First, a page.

University offers incentivized testing after spring break


Gracie Terrall, News Editor (She/Her)

With spring break approaching and COVID-19 just as prominent this March as it was last, South Dakota State University hosts another mass testing event, but this time with a reward.

Students who test at the Brookings campus test center between March 15-19 will receive a $5 coupon for any campus-related retail or dining locations. Those coupons will expire April 30, 2021.

They will also be entered for a chance to be one of ten students to win a $100 University Bookstore voucher.

Typically, the campus test center sees 200-300 students per week. During a similar testing event last semester called Test Before Turkey, over 1,000 students tested, Vice President of Student Affairs Michaela Willis said. She hopes the incentive with this event will increase testing.

“After students returned from classes this spring, testing was a lot lower than we hoped it would be,” Willis said. “We really wanted to see students having greater care for their campus community by getting tested.”

University officials have recommended students test before and after spring break.

Although the South Dakota Board of Regents voted to maintain spring break, university officials, and the CDC, advise students not to travel to popular spring break destinations this year.

“We hope that, if students do decide to travel, they travel home and remain relatively safe and try not to expose themselves to a lot of other people,” Willis said. “We hope that they just take a break from their academic experience and recharge.”

Laura Dirks, SDSU’s public health specialist, stressed that an increase in testing would cause an increase in positive cases. But, the university will be monitoring percent positivities to determine severity.

If students do plan on traveling over break, the administration recommends students limit interactions to only the people they are traveling with and to follow COVID-19 guidelines.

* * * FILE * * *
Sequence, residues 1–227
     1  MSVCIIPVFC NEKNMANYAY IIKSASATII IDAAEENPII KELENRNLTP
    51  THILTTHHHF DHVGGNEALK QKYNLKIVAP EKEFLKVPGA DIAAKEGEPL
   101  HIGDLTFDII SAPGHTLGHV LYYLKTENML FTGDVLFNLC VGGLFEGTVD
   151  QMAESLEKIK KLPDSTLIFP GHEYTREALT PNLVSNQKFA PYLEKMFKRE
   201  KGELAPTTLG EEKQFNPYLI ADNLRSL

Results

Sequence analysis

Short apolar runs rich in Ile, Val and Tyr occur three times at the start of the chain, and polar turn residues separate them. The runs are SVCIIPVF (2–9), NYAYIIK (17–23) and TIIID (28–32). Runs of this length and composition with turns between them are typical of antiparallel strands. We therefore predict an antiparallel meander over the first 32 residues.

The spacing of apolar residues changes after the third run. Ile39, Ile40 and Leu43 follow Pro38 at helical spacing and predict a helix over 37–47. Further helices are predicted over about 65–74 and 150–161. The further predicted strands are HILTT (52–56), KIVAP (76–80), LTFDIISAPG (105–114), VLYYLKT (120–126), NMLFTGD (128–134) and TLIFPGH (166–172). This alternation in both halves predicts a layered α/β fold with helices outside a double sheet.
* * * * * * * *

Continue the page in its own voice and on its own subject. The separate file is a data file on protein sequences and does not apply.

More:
“Face coverings are required on all public transportation,” Dirks said. “Students are going to be required to wear their face coverings in the airports and bus stations and on planes.”

Dirks also wants to remind students who plan on traveling internationally that the United States requires a negative test before entering the country.

Sophomore interior design major Chloé Speas has chosen to remain at home in Rapid City rather than travel to a highly-populated area. Her decision to not travel, other than the ride home, was influenced by the pandemic.

“I’m definitely not gonna go hang out in any large groups or anything,” Speas said. “I would have liked to go on a trip, but I don’t think that’s the best decision right now.”

According to Dirks, it is unlikely that SDSU will move back online after the break this year.

“We didn’t have any of that infrastructure mitigation that we have now on campus,” she said. “We have a lot more knowledge about the virus, as well as how things transmit now.”

But, Willis said the university is prepared if cases nationwide and in Brookings start to spike. Moving back online will be determined by the color severity level SDSU has in place and the number of positives in the community.

“We have protocols in place for moving between the different risk color levels, from green all the way to red,” Willis said.

Speas said she was planning on social distancing more diligently for the first few weeks back from spring break in order to “be a little bit safer” than normal.

To continue hybrid classes and remain on campus, the university has said they will continue adhering to COVID-19 guidelines and testing students.

“Our hope is that when students return from spring break, they’ll go and get tested to show their care for our campus and fellow students so we can get to an in-person commencement in May,” Willis said.